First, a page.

Djibouti, on the Red Sea
May 23 — From the port of Djibouti in the Horn of Africa, it is with great sadness and burning outrage that I announce that the voyage of the Iran Shahed Rescue Ship has ended. We will not reach our destination at the Port of Hodiedah in Yemen to deliver humanitarian aid.
The unsuccessful conclusion of our mission is the result of only one thing: U.S.-backed Saudi terrorism.
Yesterday, as it appeared our arrival in Yemen was imminent, Saudi forces bombed the port of Hodiedah a total of eight times during the day.
The total number of innocent dock workers, sailors, longshore workers and bystanders killed by these eight airstrikes is still being calculated.
Furthermore, the Yemeni revolutionaries arrested 15 people who were part of a conspiracy to attack our vessel. The plan was to attack the Iran Shahed when we arrived and kill everyone on board.
With its many criminal threats and actions, the Saudi regime was sending a message to the crew of doctors, medical technicians, anesthesiologists and other Red Crescent Society volunteers onboard the ship: “If you try to help the hungry children of Yemen, we will kill you.”
These actions, designed to terrorize and intimidate those seeking to deliver humanitarian aid, are a clear violation of international law. I can say, without any hesitation, that I have witnessed a crime against humanity.
In the context of extreme Saudi threats and after lengthy negotiations taking place around the clock in Tehran, it has been determined that the Red Crescent Society cannot complete this mission.
The 2,500 tons of medical supplies, food and water are being unloaded and handed over to the U.N. World Food Program, the largest humanitarian organization fighting hunger worldwide, which has agreed to distribute them on our behalf by June 5.
Djibouti and U.S. imperialism
Here in Djibouti, I can clearly see what the people of Yemen and Iran have been fighting against for so long. Unlike in Tehran, here in Djibouti I see masses of desperate, starving people. Impoverished Africans, who are desperate for a day of work, are lined up outside the port. They are joined by Yemeni refugees, who are living in tent cities.
There is a huge U.S. military base here in Djibouti, and this small country of only 3 million people is well under the control of Western neoliberalism. This country was basically carved into the maps of the world by the imperialists. As the European plunderers divided up the African continent for themselves, they created this tiny country so that naval bases could be conveniently placed in a strategic location on the Red Sea.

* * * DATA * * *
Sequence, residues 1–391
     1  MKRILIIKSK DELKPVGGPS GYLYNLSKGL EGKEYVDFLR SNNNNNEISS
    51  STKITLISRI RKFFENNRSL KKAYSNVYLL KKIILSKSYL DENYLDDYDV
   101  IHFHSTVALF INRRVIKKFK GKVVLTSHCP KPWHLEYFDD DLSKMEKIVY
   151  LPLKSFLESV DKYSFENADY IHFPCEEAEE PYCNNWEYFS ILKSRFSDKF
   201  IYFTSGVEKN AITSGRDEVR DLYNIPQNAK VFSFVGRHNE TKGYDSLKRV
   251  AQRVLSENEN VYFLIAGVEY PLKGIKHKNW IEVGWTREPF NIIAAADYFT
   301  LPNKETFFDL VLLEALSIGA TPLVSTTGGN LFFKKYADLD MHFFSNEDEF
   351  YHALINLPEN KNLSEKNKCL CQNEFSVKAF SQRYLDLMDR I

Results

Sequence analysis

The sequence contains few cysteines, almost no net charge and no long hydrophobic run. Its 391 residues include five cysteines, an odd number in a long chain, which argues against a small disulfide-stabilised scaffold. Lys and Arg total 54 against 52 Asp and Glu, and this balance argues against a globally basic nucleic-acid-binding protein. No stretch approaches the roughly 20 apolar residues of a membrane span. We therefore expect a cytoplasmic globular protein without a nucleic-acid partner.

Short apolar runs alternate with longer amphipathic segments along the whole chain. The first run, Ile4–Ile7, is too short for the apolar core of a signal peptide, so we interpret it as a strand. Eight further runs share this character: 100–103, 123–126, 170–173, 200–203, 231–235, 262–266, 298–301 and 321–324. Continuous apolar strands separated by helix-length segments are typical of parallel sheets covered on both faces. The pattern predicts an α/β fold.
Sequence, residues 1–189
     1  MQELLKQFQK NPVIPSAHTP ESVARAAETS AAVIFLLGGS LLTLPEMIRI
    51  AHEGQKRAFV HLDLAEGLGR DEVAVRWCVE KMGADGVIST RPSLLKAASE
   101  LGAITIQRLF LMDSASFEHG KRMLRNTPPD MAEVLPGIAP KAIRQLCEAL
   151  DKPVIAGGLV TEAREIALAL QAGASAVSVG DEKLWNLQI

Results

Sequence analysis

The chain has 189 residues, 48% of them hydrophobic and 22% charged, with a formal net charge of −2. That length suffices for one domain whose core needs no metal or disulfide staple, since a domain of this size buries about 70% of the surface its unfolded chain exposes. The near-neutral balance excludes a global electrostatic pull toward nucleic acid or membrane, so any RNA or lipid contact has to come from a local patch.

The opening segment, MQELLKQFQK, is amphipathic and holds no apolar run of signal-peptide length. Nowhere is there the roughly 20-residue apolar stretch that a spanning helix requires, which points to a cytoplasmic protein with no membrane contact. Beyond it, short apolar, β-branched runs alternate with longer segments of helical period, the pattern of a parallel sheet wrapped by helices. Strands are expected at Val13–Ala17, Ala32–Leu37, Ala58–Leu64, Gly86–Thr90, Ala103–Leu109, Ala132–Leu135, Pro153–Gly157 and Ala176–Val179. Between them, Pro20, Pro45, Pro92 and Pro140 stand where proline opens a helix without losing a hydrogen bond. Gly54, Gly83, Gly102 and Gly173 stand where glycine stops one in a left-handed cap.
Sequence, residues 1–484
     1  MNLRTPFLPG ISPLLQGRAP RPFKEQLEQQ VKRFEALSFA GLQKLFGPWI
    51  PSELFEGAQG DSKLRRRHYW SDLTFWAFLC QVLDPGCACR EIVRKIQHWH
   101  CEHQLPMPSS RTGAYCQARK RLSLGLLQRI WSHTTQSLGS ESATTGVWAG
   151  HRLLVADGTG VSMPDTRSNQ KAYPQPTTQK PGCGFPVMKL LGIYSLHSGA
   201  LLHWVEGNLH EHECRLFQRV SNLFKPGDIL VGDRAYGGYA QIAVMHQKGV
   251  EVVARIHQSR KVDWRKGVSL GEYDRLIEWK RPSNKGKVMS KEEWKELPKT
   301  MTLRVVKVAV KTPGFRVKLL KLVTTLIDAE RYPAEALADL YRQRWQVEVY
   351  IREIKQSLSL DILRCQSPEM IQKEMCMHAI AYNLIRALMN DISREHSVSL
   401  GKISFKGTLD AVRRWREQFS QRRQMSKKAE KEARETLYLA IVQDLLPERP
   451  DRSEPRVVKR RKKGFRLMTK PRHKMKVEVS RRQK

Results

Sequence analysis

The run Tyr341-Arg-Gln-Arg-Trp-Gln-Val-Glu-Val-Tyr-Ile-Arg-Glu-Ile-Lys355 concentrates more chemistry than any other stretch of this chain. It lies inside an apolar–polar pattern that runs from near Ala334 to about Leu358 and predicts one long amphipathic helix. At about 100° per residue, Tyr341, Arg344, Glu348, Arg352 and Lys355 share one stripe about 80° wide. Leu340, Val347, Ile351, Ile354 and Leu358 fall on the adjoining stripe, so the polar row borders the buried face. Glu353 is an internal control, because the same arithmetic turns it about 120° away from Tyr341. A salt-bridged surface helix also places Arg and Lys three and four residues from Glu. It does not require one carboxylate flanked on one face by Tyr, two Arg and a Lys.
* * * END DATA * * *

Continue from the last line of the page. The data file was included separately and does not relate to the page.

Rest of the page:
The living conditions here are horrific in comparison to those in Iran. Iran has broken the chains of imperialism, and has been independently developing since its popular revolution in 1979.
Since the U.S. invasion of Afghanistan in 2003, Iran has opened its doors to 3 million refugees, most of them steadily employed. Iran’s oil resources have been utilized to create a vast apparatus of social programs.
One of the Red Crescent Society volunteers told me: “The Iranian government has a department to make sure that everyone in our country who wants to work can work.” Iranian mothers are given a guaranteed stipend for each child. Education in Iranian universities is absolutely free, and the Ministry of Health provides free medical care to everyone in the country.
Compared to the millions of enslaved guest workers in Saudi Arabia and the United Arab Emirates, or the impoverished people throughout the African continent, Iran has been able to guarantee its people a great deal of economic security by breaking from neoliberalism.
Message to Yemen: ‘We’re on your side’
If the resistance forces are successful in their fight against the Saudi onslaught, Yemen will join Iran in becoming an independent country. The logo of the Ansarullah organization shows a hand holding a rifle to represent armed resistance. Perpendicular to the rifle is a stalk of wheat to represent “economic development.”
It’s no secret that Yemen has vast, untapped oil resources. If the resistance forces are victorious, they can seize these resources and start using them to build up Yemeni society. Yemen can then begin to do what the people of Venezuela have done — transform their country with public control of natural resources.
As the ship prepares to return to Tehran, I have become even more convinced of the need to overthrow the system of Western monopoly capitalism. I am reinvigorated in my belief that there must be a global alliance of all forces that oppose imperialism. All progressive forces fighting the continued domination of the planet by Wall Street bankers must stand firmly together.
The people of Yemen, like the forces of resistance in so many other parts of the world, have refused to surrender. As they face a horrendous onslaught of U.S.-made Saudi bombs, I hope that news of our peaceful, humanitarian mission has reached them. I hope they are aware that in their struggle against the Saudi king and the Wall Street bankers, they are not alone. There are millions of people across the planet who are on their side.